I was able to find 2 low mounding perennials that seeded well and transplanted gold dust alyssum and rock Soapwort today as they all have their 2nd leaves. I put them into groupings of 6-8 plants figuring some will make it. They take the shade and will only get about 6" tall and are supposed to spread. I also added liriope interspersed in each new area to hold the soil and provide interest until I can replace some of them with another planting. The blue and white salvia are blooming like crazy and I think all of the plumbago  are going to finally grow. I even found one of the 
mums & asters
ornamental peppers that came up from seed in the beds. The ruellia are blooming and taking hold in most of the spots. Lois tells me that they may begin to act like weeds--not for a while yet, I hope.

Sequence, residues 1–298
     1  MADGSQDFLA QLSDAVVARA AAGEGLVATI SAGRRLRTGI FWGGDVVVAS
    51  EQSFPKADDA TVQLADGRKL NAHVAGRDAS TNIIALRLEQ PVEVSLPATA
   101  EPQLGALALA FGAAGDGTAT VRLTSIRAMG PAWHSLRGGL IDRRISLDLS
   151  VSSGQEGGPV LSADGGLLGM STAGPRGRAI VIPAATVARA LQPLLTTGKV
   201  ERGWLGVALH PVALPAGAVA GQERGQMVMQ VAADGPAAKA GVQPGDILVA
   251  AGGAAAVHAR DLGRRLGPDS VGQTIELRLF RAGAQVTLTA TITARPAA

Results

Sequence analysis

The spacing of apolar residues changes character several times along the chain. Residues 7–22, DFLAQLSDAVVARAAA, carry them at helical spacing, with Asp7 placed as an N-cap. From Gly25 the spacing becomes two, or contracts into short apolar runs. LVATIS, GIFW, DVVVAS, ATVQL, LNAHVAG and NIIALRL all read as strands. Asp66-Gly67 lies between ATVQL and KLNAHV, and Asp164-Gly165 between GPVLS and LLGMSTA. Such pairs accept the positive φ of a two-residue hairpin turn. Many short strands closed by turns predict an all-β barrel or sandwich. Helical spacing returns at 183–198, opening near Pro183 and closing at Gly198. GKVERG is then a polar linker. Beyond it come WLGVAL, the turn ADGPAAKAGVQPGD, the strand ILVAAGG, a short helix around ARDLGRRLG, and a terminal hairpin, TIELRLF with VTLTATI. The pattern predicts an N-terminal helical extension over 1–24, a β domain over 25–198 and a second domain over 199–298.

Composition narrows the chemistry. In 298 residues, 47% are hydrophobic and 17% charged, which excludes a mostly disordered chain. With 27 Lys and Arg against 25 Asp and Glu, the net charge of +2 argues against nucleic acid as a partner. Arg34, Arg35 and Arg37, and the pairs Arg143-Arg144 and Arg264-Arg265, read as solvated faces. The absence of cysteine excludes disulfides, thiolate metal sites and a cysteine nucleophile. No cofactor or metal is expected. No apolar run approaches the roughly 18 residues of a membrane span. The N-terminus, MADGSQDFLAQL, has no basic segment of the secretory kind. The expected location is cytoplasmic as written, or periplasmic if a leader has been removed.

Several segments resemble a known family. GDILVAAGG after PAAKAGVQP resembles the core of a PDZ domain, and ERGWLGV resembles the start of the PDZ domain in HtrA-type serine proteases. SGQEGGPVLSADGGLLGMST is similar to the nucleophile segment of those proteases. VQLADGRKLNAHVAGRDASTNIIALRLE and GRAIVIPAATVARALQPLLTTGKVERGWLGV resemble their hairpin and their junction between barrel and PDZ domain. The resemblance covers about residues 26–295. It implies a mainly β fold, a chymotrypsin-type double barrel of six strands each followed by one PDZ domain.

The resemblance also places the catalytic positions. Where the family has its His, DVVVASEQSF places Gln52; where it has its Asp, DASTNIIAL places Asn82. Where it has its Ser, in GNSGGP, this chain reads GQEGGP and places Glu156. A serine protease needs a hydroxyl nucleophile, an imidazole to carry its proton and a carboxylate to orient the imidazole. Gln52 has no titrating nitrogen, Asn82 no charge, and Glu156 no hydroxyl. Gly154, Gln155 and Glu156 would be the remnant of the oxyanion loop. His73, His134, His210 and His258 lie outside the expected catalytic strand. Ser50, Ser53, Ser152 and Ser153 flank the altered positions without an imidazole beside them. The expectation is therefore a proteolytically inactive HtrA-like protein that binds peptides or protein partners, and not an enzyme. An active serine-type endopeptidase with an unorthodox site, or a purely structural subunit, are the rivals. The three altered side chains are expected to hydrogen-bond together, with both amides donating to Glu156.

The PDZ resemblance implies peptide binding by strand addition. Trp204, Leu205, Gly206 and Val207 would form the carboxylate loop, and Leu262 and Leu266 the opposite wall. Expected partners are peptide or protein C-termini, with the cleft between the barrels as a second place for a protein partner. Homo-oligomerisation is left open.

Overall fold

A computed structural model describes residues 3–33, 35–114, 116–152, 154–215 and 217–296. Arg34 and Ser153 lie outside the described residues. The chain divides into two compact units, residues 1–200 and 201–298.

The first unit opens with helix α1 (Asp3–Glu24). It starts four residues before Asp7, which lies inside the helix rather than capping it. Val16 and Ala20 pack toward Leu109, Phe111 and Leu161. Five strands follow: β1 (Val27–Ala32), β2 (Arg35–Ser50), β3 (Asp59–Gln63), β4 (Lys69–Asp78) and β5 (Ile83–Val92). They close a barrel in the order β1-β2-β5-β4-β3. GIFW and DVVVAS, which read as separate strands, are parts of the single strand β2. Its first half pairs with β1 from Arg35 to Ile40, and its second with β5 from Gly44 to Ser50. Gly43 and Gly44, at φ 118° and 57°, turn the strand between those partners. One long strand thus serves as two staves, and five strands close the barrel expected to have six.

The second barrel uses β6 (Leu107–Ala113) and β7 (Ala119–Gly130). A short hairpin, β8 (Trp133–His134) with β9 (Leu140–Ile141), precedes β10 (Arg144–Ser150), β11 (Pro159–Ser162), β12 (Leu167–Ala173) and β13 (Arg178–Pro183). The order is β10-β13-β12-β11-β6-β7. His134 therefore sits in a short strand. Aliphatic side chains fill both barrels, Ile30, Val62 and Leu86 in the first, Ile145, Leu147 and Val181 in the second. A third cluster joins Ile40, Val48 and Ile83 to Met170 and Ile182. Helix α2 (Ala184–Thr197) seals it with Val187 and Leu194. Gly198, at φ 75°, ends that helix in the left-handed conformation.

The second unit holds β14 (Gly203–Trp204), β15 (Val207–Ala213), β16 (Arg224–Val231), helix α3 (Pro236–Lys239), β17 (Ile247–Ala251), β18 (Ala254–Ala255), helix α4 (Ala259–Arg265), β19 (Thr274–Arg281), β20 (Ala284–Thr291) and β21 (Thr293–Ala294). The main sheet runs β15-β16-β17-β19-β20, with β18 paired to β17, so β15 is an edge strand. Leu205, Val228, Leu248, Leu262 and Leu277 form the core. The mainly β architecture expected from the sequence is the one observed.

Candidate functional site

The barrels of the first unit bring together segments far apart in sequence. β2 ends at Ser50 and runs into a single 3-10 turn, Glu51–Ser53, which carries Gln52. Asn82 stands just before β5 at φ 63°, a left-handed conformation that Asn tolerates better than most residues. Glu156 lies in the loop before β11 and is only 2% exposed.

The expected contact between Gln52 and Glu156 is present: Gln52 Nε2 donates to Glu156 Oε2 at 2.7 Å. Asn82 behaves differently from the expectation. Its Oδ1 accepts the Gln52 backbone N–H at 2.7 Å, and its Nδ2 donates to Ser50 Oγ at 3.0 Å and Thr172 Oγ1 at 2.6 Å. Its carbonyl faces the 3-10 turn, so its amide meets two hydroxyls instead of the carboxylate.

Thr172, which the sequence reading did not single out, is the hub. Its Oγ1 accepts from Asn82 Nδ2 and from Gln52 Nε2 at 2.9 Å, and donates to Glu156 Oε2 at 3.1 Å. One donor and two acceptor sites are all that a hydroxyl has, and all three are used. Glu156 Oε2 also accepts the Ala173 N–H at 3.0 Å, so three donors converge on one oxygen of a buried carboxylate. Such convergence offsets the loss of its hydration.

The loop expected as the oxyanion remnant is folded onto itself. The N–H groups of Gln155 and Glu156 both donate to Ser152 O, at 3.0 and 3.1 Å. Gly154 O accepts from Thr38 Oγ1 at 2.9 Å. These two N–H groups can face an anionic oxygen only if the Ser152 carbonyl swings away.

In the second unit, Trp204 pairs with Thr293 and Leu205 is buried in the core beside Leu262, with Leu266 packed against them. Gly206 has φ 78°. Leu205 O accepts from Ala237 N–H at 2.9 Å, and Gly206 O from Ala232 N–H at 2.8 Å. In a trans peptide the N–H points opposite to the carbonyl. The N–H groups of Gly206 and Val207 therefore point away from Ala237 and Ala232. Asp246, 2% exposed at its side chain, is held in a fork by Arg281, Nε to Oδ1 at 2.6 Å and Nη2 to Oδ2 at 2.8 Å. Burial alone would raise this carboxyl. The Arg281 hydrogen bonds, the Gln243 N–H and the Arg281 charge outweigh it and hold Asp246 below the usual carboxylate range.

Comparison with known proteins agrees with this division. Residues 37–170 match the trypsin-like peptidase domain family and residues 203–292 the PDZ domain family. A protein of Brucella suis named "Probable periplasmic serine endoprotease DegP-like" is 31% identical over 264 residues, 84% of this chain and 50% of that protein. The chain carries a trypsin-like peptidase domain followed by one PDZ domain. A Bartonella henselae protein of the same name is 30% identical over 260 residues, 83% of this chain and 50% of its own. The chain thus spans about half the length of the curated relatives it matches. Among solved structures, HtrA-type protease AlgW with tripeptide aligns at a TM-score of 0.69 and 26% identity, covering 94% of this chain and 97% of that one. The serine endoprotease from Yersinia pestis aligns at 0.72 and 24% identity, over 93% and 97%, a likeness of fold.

roses, mums & salvia
The asters,  mums, and vincas  I got at Lowe's are providing a lot of color next to my ever bearing roses. It is really pretty coming up the walk with all the blue, purple, and red rioting there. I had hoped for a bit more yellow with all the marigolds but not much of that survived the hot summer or spider-mites. The lantana looks great in pink/yellow so I guess that will do.

Out back we have another section of paver walkway completed. I am not sure but we may be paving our way to Austin at this rate. I will border it with the liriope that is getting way too tight and have a nice protection when it rains to keep the soil in the adjacent beds.